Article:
Life At Night, Speakers Series 2023
Galactic Archaeology – This is the encore presentation of February 23
The history of our universe spans 13 billion years, 99.998% of which humanity did not yet exist. Our own galaxy, the Milky Way, is at least ten billion years old, having survived what we believe is a violent history including several galactic collisions. While it is difficult to comprehend how ancient the majority of the night sky is, the physical scale of the Universe is also staggering. Despite being responsible for all life on Earth, the Sun is an average star – dwarfed by true stellar giants hundreds of times its size. And the Milky Way? Miniature compared to the ancient “red dead” galaxies littering the night sky. Join me as Galactic Archaeologists for the evening as we tour the cosmos, spanning both space and time. Together we’ll navigate the smallest atomic scales, through to the Solar System, into the Milky Way and beyond. We will explore questions like when and how did the hydrogen, oxygen and iron in our bodies form, what are the physical processes that govern the Earth, how does the history of our Galaxy compare to others and how will the Universe end?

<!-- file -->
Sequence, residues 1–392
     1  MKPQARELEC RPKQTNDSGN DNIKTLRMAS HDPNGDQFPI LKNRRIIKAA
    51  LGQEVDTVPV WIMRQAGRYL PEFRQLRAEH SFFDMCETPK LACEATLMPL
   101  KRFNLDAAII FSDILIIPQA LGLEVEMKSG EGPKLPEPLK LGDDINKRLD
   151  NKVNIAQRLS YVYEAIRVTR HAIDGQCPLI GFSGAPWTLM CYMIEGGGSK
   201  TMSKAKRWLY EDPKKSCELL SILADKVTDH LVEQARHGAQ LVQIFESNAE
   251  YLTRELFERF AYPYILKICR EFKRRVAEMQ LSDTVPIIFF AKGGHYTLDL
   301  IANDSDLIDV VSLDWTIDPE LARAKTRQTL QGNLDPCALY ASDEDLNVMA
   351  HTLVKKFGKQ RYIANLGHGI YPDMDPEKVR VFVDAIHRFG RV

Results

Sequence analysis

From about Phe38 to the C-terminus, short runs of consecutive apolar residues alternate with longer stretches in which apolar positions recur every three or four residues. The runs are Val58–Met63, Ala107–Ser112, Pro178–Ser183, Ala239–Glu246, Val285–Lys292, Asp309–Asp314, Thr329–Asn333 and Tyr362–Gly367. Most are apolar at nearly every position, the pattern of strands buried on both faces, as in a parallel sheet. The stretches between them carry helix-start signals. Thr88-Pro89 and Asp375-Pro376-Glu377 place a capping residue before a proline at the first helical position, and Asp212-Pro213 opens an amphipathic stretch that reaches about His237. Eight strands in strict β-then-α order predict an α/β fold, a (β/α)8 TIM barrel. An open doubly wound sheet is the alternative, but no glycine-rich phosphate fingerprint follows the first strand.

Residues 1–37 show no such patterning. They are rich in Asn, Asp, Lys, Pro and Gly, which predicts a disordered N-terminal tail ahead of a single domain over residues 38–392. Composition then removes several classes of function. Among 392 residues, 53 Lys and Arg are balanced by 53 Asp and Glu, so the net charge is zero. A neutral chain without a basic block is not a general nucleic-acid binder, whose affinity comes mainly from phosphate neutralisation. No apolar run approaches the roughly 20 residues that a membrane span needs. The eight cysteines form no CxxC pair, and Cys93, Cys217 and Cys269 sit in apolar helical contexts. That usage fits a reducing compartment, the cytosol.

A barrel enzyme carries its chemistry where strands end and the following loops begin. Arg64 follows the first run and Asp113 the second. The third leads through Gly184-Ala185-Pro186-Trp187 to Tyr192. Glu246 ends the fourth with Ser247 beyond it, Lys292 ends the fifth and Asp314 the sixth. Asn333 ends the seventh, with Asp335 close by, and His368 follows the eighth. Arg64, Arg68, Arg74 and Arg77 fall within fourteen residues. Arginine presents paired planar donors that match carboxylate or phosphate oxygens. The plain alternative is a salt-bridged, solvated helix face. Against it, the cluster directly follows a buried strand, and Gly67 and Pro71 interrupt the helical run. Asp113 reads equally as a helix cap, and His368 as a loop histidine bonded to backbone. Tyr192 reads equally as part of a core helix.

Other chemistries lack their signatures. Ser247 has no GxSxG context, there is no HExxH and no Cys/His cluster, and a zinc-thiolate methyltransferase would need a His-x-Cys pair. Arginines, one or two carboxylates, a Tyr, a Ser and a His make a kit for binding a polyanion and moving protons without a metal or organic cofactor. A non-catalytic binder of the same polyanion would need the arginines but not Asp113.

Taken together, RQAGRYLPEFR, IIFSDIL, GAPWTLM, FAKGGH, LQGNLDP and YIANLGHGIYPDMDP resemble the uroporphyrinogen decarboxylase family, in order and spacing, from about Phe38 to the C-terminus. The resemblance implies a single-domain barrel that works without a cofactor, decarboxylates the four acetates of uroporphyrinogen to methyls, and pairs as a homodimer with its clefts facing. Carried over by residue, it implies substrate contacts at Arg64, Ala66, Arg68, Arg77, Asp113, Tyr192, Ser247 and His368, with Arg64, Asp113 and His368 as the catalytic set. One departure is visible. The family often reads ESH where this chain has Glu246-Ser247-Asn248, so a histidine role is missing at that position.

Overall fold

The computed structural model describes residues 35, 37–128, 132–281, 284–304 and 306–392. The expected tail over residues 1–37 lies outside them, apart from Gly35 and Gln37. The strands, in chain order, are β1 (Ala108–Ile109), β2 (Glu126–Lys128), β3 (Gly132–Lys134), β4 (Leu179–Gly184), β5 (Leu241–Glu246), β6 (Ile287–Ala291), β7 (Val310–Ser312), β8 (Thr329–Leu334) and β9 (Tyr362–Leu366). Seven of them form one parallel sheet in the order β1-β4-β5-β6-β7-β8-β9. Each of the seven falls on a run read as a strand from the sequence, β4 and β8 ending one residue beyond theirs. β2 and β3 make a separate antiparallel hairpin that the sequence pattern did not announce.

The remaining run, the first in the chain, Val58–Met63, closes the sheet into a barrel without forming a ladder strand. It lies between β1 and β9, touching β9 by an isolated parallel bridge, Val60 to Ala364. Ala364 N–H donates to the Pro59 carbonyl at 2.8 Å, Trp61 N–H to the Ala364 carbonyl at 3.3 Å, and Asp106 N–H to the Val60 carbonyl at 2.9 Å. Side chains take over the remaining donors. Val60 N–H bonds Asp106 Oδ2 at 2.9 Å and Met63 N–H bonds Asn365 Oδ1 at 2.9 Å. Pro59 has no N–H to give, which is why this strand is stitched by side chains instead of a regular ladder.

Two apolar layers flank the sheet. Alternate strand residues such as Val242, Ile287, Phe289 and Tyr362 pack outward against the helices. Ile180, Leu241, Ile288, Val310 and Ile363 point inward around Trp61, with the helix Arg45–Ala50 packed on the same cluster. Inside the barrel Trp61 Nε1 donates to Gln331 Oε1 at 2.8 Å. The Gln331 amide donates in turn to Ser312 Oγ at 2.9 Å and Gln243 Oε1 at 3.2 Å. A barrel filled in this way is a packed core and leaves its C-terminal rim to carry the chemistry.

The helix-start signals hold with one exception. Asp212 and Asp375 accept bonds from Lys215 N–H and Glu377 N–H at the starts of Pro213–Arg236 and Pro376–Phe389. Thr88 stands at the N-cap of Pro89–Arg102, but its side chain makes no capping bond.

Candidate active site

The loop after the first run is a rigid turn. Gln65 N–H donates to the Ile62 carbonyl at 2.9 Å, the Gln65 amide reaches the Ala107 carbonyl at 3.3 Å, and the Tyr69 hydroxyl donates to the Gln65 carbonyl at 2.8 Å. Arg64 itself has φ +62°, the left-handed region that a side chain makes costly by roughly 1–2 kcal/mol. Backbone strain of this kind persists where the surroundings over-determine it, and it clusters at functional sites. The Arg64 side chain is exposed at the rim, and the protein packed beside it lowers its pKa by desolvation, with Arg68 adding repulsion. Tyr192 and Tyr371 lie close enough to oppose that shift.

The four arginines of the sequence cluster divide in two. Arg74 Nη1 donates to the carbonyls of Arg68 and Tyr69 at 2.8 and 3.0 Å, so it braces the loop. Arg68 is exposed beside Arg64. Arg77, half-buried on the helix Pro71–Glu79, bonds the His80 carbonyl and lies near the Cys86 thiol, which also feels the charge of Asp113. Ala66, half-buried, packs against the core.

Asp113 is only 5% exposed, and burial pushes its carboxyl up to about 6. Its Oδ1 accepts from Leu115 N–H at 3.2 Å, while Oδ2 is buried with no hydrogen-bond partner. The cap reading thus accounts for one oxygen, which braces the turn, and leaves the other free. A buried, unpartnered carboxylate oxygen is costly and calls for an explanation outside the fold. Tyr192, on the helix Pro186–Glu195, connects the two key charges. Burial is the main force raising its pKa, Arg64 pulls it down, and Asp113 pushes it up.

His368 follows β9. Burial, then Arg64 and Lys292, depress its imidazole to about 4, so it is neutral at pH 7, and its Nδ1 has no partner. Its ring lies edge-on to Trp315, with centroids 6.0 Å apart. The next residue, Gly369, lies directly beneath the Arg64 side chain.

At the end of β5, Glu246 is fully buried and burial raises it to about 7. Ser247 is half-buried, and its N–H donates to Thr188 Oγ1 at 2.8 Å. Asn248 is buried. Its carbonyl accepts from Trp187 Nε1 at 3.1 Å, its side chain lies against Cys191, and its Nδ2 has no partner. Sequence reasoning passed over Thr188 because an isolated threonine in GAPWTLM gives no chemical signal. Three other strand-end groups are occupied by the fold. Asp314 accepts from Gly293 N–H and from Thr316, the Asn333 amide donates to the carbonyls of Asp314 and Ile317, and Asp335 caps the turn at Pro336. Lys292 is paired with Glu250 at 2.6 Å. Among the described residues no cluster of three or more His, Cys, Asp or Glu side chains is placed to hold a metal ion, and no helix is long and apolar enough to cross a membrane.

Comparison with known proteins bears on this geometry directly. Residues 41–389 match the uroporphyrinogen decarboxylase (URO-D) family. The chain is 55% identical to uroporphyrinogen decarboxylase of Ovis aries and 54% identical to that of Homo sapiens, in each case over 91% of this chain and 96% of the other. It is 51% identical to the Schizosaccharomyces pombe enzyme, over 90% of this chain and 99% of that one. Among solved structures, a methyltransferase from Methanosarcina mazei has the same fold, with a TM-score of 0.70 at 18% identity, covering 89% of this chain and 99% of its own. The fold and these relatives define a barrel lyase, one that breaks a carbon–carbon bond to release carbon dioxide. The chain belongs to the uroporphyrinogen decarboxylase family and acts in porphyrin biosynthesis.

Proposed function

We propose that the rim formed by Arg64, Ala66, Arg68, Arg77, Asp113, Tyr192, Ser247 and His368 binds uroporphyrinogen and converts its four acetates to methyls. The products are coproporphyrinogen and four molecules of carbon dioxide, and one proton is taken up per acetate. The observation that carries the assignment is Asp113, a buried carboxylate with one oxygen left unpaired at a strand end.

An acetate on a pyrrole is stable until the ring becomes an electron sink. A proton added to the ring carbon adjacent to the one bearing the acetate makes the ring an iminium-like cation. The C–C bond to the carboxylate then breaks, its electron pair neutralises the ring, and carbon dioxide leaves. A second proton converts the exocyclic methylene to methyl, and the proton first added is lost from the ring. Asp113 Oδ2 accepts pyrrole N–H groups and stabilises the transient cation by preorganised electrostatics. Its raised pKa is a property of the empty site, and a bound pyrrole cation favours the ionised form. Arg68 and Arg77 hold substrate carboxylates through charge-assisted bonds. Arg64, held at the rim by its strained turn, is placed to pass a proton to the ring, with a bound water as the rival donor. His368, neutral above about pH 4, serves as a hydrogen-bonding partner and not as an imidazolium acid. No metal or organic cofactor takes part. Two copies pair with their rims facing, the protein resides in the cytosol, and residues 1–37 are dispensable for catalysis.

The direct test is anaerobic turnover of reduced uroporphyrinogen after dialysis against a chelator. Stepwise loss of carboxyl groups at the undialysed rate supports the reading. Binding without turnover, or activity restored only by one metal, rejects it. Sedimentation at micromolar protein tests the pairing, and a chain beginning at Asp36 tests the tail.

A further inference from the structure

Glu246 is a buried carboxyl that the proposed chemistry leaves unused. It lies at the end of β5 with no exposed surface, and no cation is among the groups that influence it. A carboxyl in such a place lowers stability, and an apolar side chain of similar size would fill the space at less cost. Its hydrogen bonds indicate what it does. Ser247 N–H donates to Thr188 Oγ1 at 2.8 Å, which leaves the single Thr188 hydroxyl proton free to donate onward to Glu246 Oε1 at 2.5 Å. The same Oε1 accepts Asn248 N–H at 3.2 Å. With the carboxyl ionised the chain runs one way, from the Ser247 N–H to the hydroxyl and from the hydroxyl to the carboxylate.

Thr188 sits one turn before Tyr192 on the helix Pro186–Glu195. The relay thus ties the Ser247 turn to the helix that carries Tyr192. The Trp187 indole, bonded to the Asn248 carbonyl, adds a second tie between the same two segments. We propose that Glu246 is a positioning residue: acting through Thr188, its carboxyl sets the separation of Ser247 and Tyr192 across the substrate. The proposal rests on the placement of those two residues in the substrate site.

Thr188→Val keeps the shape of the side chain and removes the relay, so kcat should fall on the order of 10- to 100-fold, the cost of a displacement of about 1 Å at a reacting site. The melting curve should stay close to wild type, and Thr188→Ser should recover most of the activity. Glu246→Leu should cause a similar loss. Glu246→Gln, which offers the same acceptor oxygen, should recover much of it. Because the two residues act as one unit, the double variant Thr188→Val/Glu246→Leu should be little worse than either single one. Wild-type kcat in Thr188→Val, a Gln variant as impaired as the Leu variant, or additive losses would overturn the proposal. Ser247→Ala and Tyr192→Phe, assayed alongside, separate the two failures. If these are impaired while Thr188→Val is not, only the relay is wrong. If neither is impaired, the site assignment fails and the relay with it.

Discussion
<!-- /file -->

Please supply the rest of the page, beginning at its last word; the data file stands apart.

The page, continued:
About our speaker: Dr. Stephanie Monty is an astronomer primarily working in the fields of Galactic Archaeology and astronomical instrumentation. The aim of her research is to understand the history of the Milky Way and how both the light and dark components came to be. Stephanie is currently employed as a post-doctoral researcher at the Institute of Astronomy within the University of Cambridge. Prior to that, she completed my PhD in Astrophysics at the Australian National University and her BSc in Physics & Astronomy at the University of Victoria, Canada. For more info visit Dr. Monty’s website.
‘In her heart I’ll always be a West Coast Canadian, happiest when on rainy forest walks surrounded by cedars and firs.’